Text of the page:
The Sanitized Workplace
134 Pages Posted: 9 Apr 2003 Last revised: 30 Oct 2007
One of American society's most cherished beliefs is that the workplace is, or should be, asexual. This ethic is a legacy of our historic commitment to a conception of organizational rationality that treats sexuality as irrational and unproductive - a conception that had come under challenge until sexual harassment law gave it a new lease on life. Using a historical and sociological analysis, Professor Schultz shows that the law's focus on eliminating unwanted sexual conduct has provided added incentive and increased legitimacy for a managerial project of suppressing sexuality in the workplace. In the name of preventing sexual harassment, many employers are prohibiting potentially benign forms of sexual conduct, without attending to the larger structures of sex segregation and inequality in which genuine sex harassment flourishes. Employers have begun to impose strict disciplinary measures, costing many people their jobs or reputations and threatening employees' ability to form their own work cultures. Employers also increasingly ban or discourage employee romance, chilling intimacy and solidarity among workers of both a sexual and nonsexual variety. Evidence also suggests that employers sometimes use sexual harassment charges as a pretext for punishing employees for discriminatory or other suspect reasons, and employees are quicker to accuse coworkers of a different race, sexual orientation, or class whose sexuality threatens or offends them. Worst of all, employers are punishing sexual conduct without examining whether it is linked to sex discrimination in purpose or effect.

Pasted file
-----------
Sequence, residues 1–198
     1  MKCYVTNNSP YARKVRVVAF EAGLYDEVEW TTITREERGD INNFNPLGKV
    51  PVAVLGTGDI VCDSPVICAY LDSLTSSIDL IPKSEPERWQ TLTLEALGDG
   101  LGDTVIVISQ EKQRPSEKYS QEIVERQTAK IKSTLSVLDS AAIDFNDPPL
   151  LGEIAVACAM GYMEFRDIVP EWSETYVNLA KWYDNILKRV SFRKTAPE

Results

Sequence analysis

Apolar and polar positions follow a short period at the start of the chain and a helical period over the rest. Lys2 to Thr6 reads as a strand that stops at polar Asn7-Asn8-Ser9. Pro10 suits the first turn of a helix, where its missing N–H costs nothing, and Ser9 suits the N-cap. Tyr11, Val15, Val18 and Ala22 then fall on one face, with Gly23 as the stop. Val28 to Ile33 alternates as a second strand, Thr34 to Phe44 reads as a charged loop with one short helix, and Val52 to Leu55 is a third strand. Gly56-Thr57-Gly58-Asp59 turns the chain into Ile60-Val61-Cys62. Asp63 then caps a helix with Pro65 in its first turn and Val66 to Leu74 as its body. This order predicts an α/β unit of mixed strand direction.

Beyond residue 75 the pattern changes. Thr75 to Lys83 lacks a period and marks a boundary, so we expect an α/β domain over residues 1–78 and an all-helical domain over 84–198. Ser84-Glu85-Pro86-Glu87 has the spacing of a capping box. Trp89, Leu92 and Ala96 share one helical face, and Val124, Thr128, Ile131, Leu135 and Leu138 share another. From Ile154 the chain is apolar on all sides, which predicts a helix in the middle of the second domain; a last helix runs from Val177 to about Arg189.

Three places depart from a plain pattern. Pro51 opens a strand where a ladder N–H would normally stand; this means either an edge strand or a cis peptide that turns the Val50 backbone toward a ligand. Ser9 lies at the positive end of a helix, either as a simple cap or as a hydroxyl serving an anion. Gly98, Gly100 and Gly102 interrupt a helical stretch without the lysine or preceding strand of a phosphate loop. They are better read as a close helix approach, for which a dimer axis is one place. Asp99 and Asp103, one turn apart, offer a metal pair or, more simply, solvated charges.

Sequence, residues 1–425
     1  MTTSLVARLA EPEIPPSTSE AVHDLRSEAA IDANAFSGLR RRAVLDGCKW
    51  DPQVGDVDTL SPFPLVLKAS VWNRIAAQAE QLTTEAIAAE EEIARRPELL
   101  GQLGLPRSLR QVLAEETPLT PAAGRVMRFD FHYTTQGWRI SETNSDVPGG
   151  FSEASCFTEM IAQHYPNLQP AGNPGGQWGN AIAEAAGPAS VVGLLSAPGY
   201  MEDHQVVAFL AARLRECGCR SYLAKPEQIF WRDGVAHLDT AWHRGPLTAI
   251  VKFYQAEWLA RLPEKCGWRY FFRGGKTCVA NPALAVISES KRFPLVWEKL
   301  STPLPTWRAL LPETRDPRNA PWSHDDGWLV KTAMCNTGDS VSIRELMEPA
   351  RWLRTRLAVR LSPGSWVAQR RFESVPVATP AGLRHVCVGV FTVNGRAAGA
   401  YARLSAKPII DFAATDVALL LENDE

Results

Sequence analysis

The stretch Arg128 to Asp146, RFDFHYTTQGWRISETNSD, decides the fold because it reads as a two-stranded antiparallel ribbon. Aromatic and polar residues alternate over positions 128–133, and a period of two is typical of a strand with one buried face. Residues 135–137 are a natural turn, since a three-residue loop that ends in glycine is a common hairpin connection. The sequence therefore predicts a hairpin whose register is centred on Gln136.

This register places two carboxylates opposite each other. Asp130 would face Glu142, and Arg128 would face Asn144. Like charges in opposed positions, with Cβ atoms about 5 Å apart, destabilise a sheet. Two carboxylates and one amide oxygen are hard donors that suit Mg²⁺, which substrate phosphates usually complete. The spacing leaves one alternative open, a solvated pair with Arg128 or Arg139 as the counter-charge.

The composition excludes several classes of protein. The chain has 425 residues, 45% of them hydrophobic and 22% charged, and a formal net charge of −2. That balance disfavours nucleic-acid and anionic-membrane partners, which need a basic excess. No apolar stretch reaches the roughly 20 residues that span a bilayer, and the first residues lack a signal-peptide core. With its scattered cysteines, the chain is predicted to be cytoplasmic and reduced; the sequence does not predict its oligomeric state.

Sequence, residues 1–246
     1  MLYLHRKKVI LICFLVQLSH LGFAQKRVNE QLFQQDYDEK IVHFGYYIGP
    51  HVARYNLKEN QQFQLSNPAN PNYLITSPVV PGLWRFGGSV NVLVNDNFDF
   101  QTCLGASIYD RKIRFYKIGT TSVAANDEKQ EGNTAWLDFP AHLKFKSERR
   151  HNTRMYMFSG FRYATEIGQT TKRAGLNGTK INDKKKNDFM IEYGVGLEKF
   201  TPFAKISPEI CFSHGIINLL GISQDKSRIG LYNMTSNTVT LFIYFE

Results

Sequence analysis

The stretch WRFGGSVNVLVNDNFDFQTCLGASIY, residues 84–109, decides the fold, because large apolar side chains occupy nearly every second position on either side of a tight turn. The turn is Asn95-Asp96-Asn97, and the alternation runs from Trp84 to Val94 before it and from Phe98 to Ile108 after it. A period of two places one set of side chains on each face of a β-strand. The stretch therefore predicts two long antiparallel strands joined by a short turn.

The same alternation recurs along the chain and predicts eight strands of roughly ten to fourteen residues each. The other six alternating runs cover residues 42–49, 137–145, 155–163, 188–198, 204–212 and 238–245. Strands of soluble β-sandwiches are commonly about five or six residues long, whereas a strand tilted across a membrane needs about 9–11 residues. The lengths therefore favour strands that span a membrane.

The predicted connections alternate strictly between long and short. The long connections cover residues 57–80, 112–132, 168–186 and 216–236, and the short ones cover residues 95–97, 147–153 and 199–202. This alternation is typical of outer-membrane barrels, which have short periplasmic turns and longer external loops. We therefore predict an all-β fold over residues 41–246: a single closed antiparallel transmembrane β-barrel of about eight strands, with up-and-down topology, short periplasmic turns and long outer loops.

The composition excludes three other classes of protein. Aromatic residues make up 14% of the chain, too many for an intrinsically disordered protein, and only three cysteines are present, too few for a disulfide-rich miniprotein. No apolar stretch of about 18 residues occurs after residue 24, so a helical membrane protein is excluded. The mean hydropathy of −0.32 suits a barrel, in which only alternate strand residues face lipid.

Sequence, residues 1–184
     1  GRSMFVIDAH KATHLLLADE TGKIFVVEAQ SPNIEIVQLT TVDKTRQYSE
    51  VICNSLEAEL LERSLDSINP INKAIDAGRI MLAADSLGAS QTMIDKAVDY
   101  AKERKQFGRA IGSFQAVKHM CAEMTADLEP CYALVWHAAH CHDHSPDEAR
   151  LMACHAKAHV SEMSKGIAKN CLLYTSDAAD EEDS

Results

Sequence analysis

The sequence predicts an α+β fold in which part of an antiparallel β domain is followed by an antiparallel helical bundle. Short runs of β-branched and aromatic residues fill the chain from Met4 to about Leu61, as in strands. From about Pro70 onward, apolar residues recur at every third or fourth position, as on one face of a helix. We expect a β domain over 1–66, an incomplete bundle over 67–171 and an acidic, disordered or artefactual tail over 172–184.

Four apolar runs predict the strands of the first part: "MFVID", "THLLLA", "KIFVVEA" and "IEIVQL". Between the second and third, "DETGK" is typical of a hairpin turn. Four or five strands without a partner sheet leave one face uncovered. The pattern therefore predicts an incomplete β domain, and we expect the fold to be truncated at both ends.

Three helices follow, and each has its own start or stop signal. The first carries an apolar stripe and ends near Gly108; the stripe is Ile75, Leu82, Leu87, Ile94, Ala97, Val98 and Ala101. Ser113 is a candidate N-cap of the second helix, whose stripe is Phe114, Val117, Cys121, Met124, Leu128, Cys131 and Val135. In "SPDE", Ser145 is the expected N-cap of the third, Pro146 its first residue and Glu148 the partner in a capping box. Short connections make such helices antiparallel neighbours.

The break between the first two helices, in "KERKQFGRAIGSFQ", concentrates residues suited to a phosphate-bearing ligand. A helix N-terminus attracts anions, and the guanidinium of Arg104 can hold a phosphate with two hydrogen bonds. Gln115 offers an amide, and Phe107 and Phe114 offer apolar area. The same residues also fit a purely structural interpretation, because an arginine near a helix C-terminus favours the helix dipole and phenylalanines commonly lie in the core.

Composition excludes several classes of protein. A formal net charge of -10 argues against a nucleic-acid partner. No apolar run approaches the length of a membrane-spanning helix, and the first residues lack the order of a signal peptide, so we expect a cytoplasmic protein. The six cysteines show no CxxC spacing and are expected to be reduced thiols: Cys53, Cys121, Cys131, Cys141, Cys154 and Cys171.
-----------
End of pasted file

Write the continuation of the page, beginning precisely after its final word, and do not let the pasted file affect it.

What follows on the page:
Contrary to the prevailing orthodoxy, Professor Schultz argues, workplace sexuality is not always discriminatory or disruptive: Sexual conduct takes its shape and meaning from the larger organizational context. Sociological research shows that women who work in well-integrated, egalitarian settings often participate and take pleasure in sexual interactions - probably because their numerical strength gives them the power to help shape sexual norms to their own liking. Thus, rather than encouraging employers to desexualize, we should encourage employers to desegregate. To create the incentive to do so, the law should make sex harassment easier to prove in significantly segregated and unequal work settings, and harder to prove in fully integrated and equal ones. At an even more basic level, legal actors and reformers must abandon the traditional definition of harassment as sexual conduct in favor of a broader focus on discriminatory conduct, because the emphasis on sexual conduct as harmful has given the law a cultural tilt that meshes well with the preexisting managerial view of sexuality and motivates managers to extend the law's reach within organizations. By the same token, the fact that managers can justify their actions with reference to a feminist-inspired body of law has facilitated their ability to implement zealous policies that extend the law. Thus, Professor Schultz's account of the development of sexual harassment law teaches that law makes a difference, but the difference it makes depends on how it interacts with larger institutional and cultural forces that will shape it in everyday life. Ultimately, she argues, those who seek to halt sanitization must offer a new vision in which sexuality can coexist with, and even enhance, gender equality and organizational rationality.
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